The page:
This package contains a collection of problems from the NRICH website that could be suitable for students who have a good understanding of Factors and Multiples and who feel ready to take on some. . . .

Given the products of diagonally opposite cells - can you complete this Sudoku?

Find the smallest whole number which, when mutiplied by 7, gives a product consisting entirely of ones.

Given the products of adjacent cells, can you complete this Sudoku?

Imagine a stack of numbered cards with one on top. Discard the top, put the next card to the bottom and repeat continuously. Can you predict the last card?

Find the values of the nine letters in the sum: FOOT + BALL = GAME

Each clue number in this sudoku is the product of the two numbers in adjacent cells.

Here is a Sudoku with a difference! Use information about lowest common multiples to help you solve it.

A student in a maths class was trying to get some information from her teacher. She was given some clues and then the teacher ended by saying, "Well, how old are they?"

A mathematician goes into a supermarket and buys four items. Using a calculator she multiplies the cost instead of adding them. How can her answer be the same as the total at the till?

The puzzle can be solved by finding the values of the unknown digits (all indicated by asterisks) in the squares of the $9\times9$ grid.

If you take a three by three square on a 1-10 addition square and multiply the diagonally opposite numbers together, what is the difference between these products. Why?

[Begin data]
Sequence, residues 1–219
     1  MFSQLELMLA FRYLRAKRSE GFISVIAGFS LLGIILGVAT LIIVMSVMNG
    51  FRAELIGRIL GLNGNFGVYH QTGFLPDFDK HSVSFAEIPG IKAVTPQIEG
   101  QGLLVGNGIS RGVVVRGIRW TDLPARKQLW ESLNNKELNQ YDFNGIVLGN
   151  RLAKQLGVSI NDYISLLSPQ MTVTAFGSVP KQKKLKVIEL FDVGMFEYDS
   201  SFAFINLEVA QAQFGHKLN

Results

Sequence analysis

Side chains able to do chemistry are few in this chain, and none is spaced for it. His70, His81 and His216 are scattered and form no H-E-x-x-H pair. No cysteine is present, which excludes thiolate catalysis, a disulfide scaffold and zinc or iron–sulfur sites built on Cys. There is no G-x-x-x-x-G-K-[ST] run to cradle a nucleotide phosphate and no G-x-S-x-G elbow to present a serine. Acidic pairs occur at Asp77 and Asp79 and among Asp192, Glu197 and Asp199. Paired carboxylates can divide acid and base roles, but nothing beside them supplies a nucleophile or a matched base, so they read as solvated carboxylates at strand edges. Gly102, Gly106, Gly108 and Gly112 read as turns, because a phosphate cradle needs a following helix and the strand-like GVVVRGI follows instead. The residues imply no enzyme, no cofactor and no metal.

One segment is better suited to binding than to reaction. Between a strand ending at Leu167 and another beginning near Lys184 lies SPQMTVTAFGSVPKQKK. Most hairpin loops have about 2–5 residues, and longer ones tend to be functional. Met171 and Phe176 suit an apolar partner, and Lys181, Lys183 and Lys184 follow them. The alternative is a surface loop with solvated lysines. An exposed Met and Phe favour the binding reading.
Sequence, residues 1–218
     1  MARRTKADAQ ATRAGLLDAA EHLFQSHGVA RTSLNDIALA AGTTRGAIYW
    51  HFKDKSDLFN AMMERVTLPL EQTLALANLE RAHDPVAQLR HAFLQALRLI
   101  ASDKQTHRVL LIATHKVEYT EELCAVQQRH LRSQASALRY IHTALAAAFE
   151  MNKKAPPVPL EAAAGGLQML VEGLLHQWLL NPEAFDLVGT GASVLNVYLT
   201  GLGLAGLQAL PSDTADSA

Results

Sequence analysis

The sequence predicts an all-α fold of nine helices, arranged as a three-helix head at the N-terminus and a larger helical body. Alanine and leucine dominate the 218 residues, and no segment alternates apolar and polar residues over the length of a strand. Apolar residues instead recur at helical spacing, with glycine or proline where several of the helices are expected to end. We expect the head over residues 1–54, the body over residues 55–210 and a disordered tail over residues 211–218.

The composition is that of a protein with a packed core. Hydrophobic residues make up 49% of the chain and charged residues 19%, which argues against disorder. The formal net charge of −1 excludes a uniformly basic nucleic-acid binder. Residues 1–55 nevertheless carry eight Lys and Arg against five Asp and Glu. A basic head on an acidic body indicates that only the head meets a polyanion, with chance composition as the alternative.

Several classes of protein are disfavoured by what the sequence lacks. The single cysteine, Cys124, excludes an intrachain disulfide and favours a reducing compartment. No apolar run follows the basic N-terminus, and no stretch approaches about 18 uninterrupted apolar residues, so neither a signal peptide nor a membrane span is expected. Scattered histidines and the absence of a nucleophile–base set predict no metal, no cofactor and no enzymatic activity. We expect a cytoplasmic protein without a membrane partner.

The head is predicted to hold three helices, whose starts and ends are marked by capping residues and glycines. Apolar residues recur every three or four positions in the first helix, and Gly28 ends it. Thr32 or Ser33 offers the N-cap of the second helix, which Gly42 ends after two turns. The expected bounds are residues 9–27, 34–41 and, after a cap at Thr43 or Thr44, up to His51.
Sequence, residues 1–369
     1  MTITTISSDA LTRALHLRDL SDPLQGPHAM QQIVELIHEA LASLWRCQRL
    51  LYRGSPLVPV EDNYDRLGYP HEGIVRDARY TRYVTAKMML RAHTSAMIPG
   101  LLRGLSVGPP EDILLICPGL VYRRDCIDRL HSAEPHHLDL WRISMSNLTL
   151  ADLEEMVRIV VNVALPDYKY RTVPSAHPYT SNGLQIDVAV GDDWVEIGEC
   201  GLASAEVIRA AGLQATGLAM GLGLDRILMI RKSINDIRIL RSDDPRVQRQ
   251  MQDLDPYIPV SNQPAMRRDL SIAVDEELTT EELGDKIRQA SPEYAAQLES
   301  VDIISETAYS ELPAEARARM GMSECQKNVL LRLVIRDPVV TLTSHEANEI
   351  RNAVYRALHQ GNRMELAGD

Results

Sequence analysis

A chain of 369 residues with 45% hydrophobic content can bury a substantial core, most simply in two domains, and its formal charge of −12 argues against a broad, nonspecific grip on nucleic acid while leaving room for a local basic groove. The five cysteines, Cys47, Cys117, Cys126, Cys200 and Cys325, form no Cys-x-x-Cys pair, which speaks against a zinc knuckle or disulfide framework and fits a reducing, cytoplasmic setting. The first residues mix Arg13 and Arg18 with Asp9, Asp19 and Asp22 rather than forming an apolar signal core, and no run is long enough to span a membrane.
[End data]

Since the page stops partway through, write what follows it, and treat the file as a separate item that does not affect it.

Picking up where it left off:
There is a long tradition of creating mazes throughout history and across the world. This article gives details of mazes you can visit and those that you can tackle on paper.

A pair of Sudoku puzzles that together lead to a complete solution.

This Sudoku, based on differences. Using the one clue number can you find the solution?

A particular technique for solving Sudoku puzzles, known as "naked pair", is explained in this easy-to-read article.

This Sudoku puzzle can be solved with the help of small clue-numbers on the border lines between pairs of neighbouring squares of the grid.

Four small numbers give the clue to the contents of the four surrounding cells.

A package contains a set of resources designed to develop students’ mathematical thinking. This package places a particular emphasis on “being systematic” and is designed to meet. . . .

The number of plants in Mr McGregor's magic potting shed increases overnight. He'd like to put the same number of plants in each of his gardens, planting one garden each day. How can he do it?

Two sudokus in one. Challenge yourself to make the necessary connections.

Special clue numbers related to the difference between numbers in two adjacent cells and values of the stars in the "constellation" make this a doubly interesting problem.

Bellringers have a special way to write down the patterns they ring. Learn about these patterns and draw some of your own.

A Sudoku that uses transformations as supporting clues.

The letters of the word ABACUS have been arranged in the shape of a triangle. How many different ways can you find to read the word ABACUS from this triangular pattern?

This pair of linked Sudokus matches letters with numbers and hides a seasonal greeting. Can you find it?